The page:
Most of the tortuous plot and counterplot of Fitchett’s King Alfred, A Poem is pure fiction; but small details are thrown in which show that the author did know some early sources (that Hubba’s slaughtered army numbered 1,200 comes directly or indirectly from Asser’s Life of Alfred, for instance, a variant version of the Anglo-Saxon Chronicle’s 840 dead).
But Fitchett, who began his poem c.1798, also knew something of the local Devon legend of the arrival of the Viking fleet in Appledore, the siege at nearby Kenwith Castle, and the battle at Bloody Corner, just outside Northam; this even though he had no obvious connection with Devon. He also had some familiarity with the ‘factual’ base around which he was to weave his extraordinary imaginings.
Robert Studley Vidal wrote his own, rather more scholarly, essay in 1804. His version names Kenwith or Kenwic Castle, whereas Fitchett has Kinwith (cf. Cynuit); Vidal quotes Camden, Baxter and the ‘annotator on Rapin (de Thoyras)’ as siting the ‘castle’ (i.e. arx Cynuit) near the junction of the Taw and the Torridge.
A few thoughts arising from Fitchett’s King Alfred: it looks as if some story relating the deeds of ealdorman Odda – known as earl Oddune – were ‘in the air’ at the turn of the 18th/19th cc. The prolific playwright Richard Cumberland (1732-1811) wrote a play called The Days of Yore (Cumberland appears in Sheridan’s The Critic as ‘Sir Fretful Plagiary’, a name reflecting two aspects of his character and writing). The Days of Yore. A Drama in Three acts. Performed at the Theatre-Royal, Covent Garden, was published in 1796.
The Dramatis Personae included Alfred, King of England; Oddune, Earl of Devonshire; Gothrun, a Danish chief; and among sundry others an attendant lord named Roger de Malvern, who seems to have slipped back in time from post-Conquest Britain. The scene is set at ‘Kenwith Castle, and the Country adjoining’. The play opens in ‘A wild and rugged Scene on the Western Coast of England, with a distant View of the Sea’.
[I resume, several hours later]
This really is a very silly play: sort of cod-medieval Mills and Boone effort – and nothing to the point. As a (digitised) contemporary (1796) review in the London Evening Mail reported:
‘The.plot, Or rather(ketch, isflirnfey, and betrays mire the arrjefs un connections ofari .adventurer, than the, vigorous” effortsof the Veteran judgment. “It wars liaceiyed v/ith a degree of rapturer^but what could ‘ jrefiii the feri’urjrtehts ofloyalty and ; the fine acling of JMr.,Pop.E, who;’.never before difplayed … “. Which about sums it up.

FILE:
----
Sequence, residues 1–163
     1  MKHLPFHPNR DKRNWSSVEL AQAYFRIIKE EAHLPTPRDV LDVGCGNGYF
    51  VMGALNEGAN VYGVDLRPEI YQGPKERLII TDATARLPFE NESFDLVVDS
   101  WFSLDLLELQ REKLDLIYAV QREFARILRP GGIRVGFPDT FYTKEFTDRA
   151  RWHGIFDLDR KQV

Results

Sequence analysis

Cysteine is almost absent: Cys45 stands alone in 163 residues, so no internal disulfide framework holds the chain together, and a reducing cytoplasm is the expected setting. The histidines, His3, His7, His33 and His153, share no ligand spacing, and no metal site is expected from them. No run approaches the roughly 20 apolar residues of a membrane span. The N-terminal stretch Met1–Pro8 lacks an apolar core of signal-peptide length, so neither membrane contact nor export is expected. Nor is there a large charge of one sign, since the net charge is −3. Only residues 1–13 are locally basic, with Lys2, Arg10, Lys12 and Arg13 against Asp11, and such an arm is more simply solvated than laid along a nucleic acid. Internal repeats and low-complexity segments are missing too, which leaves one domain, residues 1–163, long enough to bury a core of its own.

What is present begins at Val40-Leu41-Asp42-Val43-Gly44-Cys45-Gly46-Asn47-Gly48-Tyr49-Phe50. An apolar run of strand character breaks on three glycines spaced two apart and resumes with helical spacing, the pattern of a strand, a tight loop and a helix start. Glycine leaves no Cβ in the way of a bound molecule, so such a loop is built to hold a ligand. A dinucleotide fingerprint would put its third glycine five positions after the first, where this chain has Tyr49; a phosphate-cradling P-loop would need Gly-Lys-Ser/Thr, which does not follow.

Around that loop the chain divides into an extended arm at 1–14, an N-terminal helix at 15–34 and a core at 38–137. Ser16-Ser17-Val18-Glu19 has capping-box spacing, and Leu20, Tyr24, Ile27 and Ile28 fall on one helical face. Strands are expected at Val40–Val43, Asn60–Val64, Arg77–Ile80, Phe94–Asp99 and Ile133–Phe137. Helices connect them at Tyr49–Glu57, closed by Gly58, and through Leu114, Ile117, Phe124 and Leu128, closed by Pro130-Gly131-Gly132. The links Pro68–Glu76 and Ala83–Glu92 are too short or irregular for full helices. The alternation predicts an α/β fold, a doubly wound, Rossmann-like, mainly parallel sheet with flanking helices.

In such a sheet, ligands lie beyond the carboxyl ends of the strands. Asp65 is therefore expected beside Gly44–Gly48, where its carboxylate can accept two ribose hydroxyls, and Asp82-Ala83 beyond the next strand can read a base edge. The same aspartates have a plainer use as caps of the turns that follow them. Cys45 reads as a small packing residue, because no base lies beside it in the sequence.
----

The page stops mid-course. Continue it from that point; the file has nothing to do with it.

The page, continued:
Apart from Oddune’s Kenwith Castle being near the rugged West Devon coast, within sight of the sea, the only other piece of relevant information is that the historical action – such as it is – must have taken place some time after the Danish defeat at ‘arx Cynuit’ in 878, because Oswene, the widow of a valiant Dane called Hastings, reminds her son Voltimar that the two of them are prifoners of Earl Oddune, and that the loft ftandard of their country, the magic Reafen, the proudeft trophy England has to boaft, floats in Earl Oddune’s hall.
Gothrun (not Ubba) is on this occasion the Danish chief gathering his army round the castle after a disastrous Danish defeat at Exeter (historically, Alfred had defeated Guthrum at Edington in 878, the same year as the ‘Battle of Cynuit’). Voltimar, son of the valiant Dane Hastings, is pretending to have lost his wits. He somewhat resembles Edgar in K. Lear; he is also a bit like a Shakespearean clown, or fool, and acts the part of a harp-playing minftrel in the service of Earl Oddune (his own favourite minftrel is called Llewelyn, but he doesn’t appear in the play). Voltimar loves Earl Oddune’s daughter and saves the life of King Alfred the Great who, disguised by his cape, is captured as he walks alone outside the caftle, by the treacherous Gothrun. This means Voltimar is a Noble Dane and will be able to marry Earl Oddune’s daughter.
Apart from the fact that it’s vaguely interesting that Earl Oddune, West Devon, Kenwith Castle and sundry Danes and Englishmen are present in a garbled version of the historical record, there isn’t – oh, but hang on! there is either an enormous clue here or a very striking (and, in the circumstances, very irritating) coincidence, and the possible key to the enigma! But can one rely on anything in Sir Fretful’s chronological charade, where bits may have been wittingly collected from various sources and sewn together? In which case they will explain nothing.